If we turn to Psalm 110, spoken “by the Holy Ghost” (Mark 12:36), we find the words, “The Lord said unto my Lord, Sit Thou on My right hand”; in Micah 5:2, “A Ruler in Israel; whose goings forth have been of old, from everlasting”; in Zechariah 13:7, “My Shepherd . . . My fellow, says the Lord of hosts.”
In the pages of the New Testament the declaration is full. To acknowledge it is highest bliss; to deny it is fearful sin; only how necessary it is to apprehend the Godhead of our Lord Jesus Christ, as indeed His manhood in its essential sinlessness, in a spirit of becoming reverence and lowly grace. Controversy thereon should be eschewed, and the simple and yet majestic truth accepted. Reason is beggared here. Revelation is worthy of the highest exercise of reason, and that is faith in what God has declared. For nothing is so rational as faith in God. “Jesus the Son of God” must be allowed to stand before the bowed and adoring heart, in all the dignity, glory, majesty, and deity, and His Person as “God manifest in flesh.”
In the close of the Gospel by Matthew we have the formula of Christian baptism. It is to be in the name of “the Father, Son, and Holy Ghost” the Godhead in Trinity, and each Person is to receive equal honour in this initial rite. The dignity of Each is the same, as is the honour to be accorded. It will be remembered that, in the synoptic Gospels, the accounts of the baptism of Jesus are practically similar. “My beloved Son” is the salutation of the Father in each. In the Son the Father had found His pleasure. So in the Transfiguration, He was again spoken of as the beloved Son, and was to be heard as such. it is still “Jesus the Son of God.”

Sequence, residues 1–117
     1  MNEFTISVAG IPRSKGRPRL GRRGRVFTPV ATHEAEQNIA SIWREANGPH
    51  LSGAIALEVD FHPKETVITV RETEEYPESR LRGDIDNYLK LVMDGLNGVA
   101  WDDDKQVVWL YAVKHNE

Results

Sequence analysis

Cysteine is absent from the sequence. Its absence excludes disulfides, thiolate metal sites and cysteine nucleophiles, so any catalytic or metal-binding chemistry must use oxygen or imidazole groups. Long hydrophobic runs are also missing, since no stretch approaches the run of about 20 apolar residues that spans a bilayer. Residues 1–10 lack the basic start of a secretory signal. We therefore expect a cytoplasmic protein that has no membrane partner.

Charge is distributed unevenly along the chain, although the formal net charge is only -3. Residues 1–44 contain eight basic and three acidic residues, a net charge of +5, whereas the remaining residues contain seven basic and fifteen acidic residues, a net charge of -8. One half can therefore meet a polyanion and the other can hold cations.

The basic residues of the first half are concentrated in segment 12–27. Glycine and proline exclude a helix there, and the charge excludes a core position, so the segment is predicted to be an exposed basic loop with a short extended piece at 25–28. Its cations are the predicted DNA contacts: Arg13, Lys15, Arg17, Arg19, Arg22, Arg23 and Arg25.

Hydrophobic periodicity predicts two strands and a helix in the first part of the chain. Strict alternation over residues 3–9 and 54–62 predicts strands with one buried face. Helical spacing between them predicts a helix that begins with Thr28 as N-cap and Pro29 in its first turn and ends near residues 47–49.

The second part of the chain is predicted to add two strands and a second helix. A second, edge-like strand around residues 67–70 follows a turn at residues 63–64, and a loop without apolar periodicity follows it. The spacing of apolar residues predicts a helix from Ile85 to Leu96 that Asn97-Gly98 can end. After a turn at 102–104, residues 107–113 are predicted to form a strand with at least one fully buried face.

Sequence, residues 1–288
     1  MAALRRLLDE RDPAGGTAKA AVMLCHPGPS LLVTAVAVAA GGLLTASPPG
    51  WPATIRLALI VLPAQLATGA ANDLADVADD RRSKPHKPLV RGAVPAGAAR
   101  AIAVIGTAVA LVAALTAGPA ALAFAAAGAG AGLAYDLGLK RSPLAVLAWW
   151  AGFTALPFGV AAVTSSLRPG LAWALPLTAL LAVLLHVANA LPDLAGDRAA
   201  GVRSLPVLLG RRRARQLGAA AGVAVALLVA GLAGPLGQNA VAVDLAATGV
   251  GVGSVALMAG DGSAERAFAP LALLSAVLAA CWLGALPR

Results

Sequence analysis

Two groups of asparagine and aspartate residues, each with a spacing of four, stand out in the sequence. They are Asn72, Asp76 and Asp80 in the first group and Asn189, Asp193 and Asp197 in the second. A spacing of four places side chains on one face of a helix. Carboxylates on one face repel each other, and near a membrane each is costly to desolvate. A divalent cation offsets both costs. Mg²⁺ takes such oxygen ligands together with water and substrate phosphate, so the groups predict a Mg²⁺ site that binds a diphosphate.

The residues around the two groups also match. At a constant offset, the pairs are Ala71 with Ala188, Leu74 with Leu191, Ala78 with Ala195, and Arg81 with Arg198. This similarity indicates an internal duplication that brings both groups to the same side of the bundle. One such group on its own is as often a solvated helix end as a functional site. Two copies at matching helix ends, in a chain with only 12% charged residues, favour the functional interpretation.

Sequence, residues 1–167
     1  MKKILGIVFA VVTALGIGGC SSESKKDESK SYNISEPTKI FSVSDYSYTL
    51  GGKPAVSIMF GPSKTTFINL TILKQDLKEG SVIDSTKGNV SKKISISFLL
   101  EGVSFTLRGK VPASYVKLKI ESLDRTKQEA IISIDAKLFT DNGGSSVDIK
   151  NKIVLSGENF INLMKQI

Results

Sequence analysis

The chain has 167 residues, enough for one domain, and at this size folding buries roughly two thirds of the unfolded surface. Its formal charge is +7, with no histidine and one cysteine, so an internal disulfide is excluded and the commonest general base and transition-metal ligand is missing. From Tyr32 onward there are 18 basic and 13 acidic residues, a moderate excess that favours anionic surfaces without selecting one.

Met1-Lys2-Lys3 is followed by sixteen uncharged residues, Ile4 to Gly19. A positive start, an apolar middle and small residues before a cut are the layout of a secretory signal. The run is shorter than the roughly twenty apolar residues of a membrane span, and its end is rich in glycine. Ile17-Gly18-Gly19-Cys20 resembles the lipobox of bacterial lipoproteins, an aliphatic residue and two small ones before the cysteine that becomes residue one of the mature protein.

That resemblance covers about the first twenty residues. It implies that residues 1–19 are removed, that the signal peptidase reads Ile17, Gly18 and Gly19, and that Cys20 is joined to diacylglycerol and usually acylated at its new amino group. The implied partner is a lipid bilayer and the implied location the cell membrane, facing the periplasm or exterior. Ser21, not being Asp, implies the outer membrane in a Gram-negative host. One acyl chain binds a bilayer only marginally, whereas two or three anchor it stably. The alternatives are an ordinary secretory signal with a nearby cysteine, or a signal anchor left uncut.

The fourth Gospel introduces Him in deity—“The Word was God”! But the same Word “became flesh”—a brief, decisive statement of what we call the “Incarnation”—and, as such, He dwelt among us “full,” thank God, “of grace and truth”; and, as “the only-begotten Son, which is (mark the word—it signifies subsisting there ever, and that as Son) in the bosom of the Father, He has declared Him.” How complete! Who but the Son of that bosom could adequately declare or express the Father? None but He! And so, in chapter 10, He affirmed that He and the Father were one. In chapter 8. He pronounced the eternity of His existence in saying: “Before Abraham was I am.” Later on, Thomas confessed Him as both Lord and God.
Passing on to Paul, once the inveterate hater of the name of Jesus, the very first thing he did after conversion was to preach in the synagogues: “Jesus, that He is the Son of God” (Acts 9:20, R.V.), and this initial text was only developed and emphasized during the course of his Christian ministry; for the Christ he ministered as Saviour, Lord, and Head of the church was also “the Son of God who loved him and gave Himself for him”—“God manifest in flesh “over all, God blessed for ever.” His highest theme was the deity of Jesus.
Then Peter in his second epistle tells how he had been an eye-witness of the magnificence (is the word) of the Lord Jesus as seen on the holy mount, when he actually heard the voice of God the Father saying, “This is My beloved Son in whom I am well pleased.” Hence, to him, after such a vision, the glory of Christ, and His coming kingdom, was no “cunningly devised fable.” It was a mighty and all-controlling fact.
Finally, John, in closing his general epistle, says, “We know that the Son of God is come . . . and we are in Him that is true. This is the true God and eternal life.”
Thus the deity of our blessed Lord and Saviour Jesus Christ is abundantly confirmed throughout the length and breadth of the Word of God. Such is the Great High Priest of our profession.